NASA Finds That One Supernova Could Produce 7,000 Earths
In spite of its name, stardust doesn't just compose stars; rather, it plays a hand in forming all celestial bodies, including planets such as Earth. Now, a new NASA study shows that supernovae, or the explosions of dying stars, may produce the lion's share of the stardust that ultimately forms planets and other celestial objects.
For the study, NASA's Stratospheric Observatory for Infrared Astronomy (SOFIA), an airborne observatory that makes infrared observations, captured infrared images of a cloud of interstellar dust called Supernova Remnant Sagittarius A East. Then, judging from the intensity of the cloud's radiation emissions, SOFIA estimated the total mass of the interstellar dust.
"Our observations reveal a particular cloud produced by a supernova explosion 10,000 years ago contains enough dust to make 7,000 Earths," said Ryan Lau of Cornell University in a NASA statement.
'SOFIA data reveal warm dust (white) surviving inside a supernova remnant. The SNR Sgr A East cloud is traced in X-rays (blue). Radio emission (red) shows expanding shock waves colliding with surrounding interstellar clouds (green).'
Previous studies had indicated that supernovae could release a large amount of interstellar dust, enough to populate galaxies with celestial bodies. But until now, it was unknown whether that dust released during the explosion would survive the subsequent shock waves.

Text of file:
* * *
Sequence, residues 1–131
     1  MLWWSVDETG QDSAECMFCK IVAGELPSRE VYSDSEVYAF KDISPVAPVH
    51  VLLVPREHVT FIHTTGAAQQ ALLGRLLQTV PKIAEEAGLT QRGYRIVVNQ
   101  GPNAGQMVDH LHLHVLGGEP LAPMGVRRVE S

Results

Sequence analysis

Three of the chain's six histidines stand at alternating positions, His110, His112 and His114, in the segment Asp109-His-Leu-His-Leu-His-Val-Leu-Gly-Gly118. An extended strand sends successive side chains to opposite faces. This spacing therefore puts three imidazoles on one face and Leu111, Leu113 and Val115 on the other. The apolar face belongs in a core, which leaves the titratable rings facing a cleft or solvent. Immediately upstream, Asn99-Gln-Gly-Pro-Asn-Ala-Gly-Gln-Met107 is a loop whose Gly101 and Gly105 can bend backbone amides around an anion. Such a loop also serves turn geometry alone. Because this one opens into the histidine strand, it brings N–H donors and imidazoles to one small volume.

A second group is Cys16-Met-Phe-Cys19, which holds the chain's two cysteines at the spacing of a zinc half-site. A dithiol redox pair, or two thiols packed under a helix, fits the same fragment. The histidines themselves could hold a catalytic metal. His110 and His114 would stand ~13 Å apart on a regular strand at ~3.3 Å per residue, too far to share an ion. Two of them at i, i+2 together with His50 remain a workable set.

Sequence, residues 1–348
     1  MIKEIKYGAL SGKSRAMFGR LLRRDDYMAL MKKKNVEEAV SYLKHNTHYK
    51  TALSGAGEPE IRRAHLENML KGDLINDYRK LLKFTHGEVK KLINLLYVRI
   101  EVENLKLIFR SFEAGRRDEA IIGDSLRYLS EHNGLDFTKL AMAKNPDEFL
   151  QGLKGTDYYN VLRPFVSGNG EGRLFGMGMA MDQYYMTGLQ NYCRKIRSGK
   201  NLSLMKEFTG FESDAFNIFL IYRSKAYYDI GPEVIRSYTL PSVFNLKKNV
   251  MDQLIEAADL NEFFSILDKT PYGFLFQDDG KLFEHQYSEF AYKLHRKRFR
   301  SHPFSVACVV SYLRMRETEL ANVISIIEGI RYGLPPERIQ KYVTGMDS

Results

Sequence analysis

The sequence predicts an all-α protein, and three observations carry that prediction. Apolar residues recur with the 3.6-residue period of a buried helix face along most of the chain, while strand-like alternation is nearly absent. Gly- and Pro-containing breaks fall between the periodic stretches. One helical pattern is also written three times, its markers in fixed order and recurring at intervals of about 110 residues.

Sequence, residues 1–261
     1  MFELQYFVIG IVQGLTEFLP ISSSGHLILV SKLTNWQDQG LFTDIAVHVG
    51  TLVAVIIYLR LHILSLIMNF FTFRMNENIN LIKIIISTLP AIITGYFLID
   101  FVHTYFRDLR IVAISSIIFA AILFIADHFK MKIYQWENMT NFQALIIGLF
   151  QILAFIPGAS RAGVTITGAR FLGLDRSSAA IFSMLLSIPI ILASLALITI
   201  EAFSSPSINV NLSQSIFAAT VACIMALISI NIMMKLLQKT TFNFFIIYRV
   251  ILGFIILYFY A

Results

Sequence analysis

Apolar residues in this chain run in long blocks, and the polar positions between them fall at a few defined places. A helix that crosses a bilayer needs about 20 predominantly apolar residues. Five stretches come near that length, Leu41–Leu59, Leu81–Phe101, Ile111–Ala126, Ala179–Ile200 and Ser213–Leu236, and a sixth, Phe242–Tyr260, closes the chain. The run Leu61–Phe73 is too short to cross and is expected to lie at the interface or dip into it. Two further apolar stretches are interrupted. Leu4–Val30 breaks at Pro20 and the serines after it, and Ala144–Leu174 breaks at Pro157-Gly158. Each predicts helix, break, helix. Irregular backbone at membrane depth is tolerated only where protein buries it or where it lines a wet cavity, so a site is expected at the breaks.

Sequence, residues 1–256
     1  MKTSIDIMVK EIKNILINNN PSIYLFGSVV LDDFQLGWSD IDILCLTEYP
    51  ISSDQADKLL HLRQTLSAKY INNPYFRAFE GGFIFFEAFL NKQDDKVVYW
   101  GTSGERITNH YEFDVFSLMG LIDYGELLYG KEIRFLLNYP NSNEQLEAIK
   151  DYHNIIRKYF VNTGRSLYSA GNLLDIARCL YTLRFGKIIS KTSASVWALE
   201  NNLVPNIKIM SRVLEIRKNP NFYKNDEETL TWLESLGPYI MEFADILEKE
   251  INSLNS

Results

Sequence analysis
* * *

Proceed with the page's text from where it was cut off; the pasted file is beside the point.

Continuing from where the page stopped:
"The dust survived the later onslaught of shock waves from the supernova explosion, and is now flowing into the interstellar medium where it can become part of the 'seed material' for new stars and planets," said Lau.
'Supernova remnant dust detected by SOFIA (yellow) survives away from the hottest X-ray gas (purple). The red ellipse outlines the supernova shock wave. The inset shows a magnified image of the dust (orange) and gas emission (cyan).'
NASA's results, in addition to shedding further light on the formation of the objects in our galaxy, may also explain the interstellar dust clouds observed in distant galaxies. The interstellar dust clouds in certain young galaxies are so large that no phenomenon aside from a supernova could possibly release enough dust.
"This discovery... demonstrat[es] how observations made within our own Milky Way galaxy can bear directly on our understanding of the evolution of galaxies billions of light years away," said SOFIA project scientist Pamela Marcum.